The presence of Mullah Baradar will add extra heft to the dialogue process
U.S. envoy Zalmay Khalilzad met with the Taliban’s top political leader in Doha on Monday, in what is believed to be the highest level engagement between the U.S. and the Taliban since the months-long peace push began.
Mr. Khalilzad tweeted that he and Mullah Abdul Ghani Baradar, a co-founder of the Islamist movement, had held a “working lunch” ahead of a fresh round of talks with the insurgent group as the U.S. seeks a way out of its longest war.
Close to chief
The arrival in Qatar late on Sunday of Mr. Baradar, seen as close to Taliban leader Haibatullah Akhundzada, has helped fuel speculation of a breakthrough.
Marathon talks last month saw the two sides walk away with a “draft framework” that included a Taliban vow to prevent Afghanistan from becoming a haven for international terror groups.
There was no accord on a U.S. withdrawal or a ceasefire, however, issues which have derailed attempts at peace talks in the past, while the government in Kabul has voiced increasingly loud fears it was being sidelined from the talks. “Arrived in #Doha to meet with a more authoritative Taliban delegation. This could be a significant moment. Appreciate #Qatar for hosting & #Pakistan in facilitating travel. Now the work begins in earnest,” Khalilzad had tweeted.
He later posted: “Just finished a working lunch with Mullah Baradar and his team. First time we’ve met. Now moving on to talks.”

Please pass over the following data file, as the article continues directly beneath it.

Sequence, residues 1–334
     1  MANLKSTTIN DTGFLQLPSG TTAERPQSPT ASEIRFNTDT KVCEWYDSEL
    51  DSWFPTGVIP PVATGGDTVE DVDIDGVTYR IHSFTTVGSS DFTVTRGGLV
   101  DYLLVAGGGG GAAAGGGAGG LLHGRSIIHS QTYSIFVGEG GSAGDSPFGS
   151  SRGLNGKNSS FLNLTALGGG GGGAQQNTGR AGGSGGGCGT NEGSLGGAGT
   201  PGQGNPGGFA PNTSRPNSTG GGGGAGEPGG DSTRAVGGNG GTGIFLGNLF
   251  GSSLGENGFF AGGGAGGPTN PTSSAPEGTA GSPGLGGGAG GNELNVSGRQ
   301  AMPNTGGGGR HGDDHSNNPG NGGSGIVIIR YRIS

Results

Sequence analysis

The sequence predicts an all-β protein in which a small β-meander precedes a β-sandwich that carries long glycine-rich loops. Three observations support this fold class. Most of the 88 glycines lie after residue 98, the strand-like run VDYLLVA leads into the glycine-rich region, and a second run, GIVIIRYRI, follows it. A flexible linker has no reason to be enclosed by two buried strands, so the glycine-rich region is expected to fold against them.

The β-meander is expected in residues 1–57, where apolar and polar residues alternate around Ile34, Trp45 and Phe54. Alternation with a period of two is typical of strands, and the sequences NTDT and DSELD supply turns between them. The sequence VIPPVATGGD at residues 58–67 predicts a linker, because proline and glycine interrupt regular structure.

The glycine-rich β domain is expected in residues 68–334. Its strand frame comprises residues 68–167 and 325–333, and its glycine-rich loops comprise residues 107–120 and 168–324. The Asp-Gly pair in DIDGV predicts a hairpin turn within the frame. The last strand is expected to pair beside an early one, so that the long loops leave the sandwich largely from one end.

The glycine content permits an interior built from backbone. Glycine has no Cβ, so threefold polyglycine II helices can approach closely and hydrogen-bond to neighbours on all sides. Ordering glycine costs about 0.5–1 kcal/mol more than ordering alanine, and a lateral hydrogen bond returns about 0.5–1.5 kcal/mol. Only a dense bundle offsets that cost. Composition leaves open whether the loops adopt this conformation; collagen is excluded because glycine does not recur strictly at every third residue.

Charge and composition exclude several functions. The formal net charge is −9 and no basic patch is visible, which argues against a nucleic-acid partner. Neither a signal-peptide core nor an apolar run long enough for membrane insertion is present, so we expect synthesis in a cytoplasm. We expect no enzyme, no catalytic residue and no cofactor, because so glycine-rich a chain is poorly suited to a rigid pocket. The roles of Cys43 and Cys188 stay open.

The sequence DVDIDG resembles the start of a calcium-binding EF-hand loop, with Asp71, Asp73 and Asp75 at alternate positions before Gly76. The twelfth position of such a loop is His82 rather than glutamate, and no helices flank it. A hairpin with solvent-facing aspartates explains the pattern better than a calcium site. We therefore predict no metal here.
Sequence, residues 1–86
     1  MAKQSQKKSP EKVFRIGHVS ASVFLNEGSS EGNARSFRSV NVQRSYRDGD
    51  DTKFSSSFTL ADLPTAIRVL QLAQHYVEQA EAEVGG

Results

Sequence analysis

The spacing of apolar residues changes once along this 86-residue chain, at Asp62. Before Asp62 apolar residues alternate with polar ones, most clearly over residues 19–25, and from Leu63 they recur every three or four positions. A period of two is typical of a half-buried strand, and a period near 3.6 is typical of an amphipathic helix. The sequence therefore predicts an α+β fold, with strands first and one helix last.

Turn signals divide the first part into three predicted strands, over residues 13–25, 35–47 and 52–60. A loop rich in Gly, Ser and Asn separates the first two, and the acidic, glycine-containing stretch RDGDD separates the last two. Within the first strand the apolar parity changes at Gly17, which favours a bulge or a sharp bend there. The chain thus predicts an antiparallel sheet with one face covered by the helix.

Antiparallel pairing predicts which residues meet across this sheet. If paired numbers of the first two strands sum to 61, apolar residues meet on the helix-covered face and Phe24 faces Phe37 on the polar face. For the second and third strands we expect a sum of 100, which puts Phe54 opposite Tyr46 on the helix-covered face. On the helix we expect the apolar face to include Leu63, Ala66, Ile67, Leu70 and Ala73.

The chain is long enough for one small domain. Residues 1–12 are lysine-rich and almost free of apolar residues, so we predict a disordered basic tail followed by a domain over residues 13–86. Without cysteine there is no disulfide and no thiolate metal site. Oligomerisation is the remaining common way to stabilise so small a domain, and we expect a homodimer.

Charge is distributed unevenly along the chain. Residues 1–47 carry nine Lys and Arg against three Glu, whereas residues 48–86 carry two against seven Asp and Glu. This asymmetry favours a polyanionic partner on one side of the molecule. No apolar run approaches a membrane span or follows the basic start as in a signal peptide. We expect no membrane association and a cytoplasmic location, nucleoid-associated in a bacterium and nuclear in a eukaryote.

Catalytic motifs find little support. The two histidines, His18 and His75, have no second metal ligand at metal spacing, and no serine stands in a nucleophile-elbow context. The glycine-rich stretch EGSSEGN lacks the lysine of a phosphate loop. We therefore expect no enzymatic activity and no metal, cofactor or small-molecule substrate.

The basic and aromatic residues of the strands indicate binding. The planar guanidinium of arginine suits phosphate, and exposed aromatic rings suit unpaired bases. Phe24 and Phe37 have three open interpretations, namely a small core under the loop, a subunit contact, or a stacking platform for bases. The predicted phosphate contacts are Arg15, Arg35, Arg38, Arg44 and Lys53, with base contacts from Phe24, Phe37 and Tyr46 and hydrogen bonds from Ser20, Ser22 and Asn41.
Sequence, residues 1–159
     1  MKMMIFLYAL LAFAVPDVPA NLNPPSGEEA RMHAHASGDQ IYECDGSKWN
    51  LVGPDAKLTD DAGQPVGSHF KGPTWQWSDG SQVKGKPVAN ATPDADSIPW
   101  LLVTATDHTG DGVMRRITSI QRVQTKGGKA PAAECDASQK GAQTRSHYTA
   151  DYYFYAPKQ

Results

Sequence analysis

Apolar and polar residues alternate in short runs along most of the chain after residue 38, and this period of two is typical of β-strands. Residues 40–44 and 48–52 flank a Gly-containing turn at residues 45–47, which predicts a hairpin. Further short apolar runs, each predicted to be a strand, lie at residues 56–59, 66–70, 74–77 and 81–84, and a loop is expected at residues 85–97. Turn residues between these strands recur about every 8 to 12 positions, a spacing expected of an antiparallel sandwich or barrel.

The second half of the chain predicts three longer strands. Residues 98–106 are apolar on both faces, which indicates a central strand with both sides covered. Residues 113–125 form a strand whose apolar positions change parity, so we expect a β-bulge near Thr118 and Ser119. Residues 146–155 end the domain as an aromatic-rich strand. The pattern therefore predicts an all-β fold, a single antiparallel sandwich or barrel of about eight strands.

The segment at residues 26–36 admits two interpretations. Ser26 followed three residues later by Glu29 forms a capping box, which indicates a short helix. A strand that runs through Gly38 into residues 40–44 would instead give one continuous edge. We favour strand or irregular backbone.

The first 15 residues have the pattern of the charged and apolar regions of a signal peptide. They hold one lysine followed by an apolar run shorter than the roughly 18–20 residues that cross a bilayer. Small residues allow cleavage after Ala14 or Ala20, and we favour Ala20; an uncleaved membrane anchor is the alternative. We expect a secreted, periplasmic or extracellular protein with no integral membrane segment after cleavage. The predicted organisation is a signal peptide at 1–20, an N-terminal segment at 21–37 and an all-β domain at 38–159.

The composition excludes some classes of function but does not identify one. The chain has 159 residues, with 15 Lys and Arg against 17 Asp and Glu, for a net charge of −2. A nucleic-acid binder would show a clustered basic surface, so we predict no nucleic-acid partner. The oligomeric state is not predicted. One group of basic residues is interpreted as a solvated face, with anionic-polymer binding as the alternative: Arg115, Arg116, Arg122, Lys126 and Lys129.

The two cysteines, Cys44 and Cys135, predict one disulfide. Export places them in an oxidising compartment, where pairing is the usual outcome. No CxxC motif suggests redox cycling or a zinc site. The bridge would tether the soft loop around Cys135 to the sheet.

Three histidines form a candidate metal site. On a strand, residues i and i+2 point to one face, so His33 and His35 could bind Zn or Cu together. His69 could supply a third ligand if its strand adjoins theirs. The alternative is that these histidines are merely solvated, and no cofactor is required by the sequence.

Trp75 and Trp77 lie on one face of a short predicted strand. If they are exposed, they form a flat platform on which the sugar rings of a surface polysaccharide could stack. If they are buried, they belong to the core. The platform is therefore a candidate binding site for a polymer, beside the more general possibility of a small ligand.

It remained unclear what role Mr. Baradar would have during the talks, but the presence of the influential leader widely believed to carry popular support across the Taliban’s myriad factions set expectations high.
Afghan special envoy for peace Mohammad Omar Daudzai also lauded Mr. Baradar’s participation, saying the insurgent leader was known for being “independent” and making “tough decisions”.
Mr. Baradar was long considered the number two to Taliban chief Mullah Omar, who died in 2013. Now he is one of several deputies to Mr. Akhundzada.
Meanwhile the government in Kabul continued to voice concerns on Monday over being sidelined in the negotiations. “The Taliban are still not ready to talk to Afghan government, but we are ready. We think that Taliban’s dishonesty is the only obstacle,” said Abdullah Abdullah, the country’s de-facto Prime Minister, in a televised address on Monday. “We are flexible and ready to make a team that is acceptable to all.”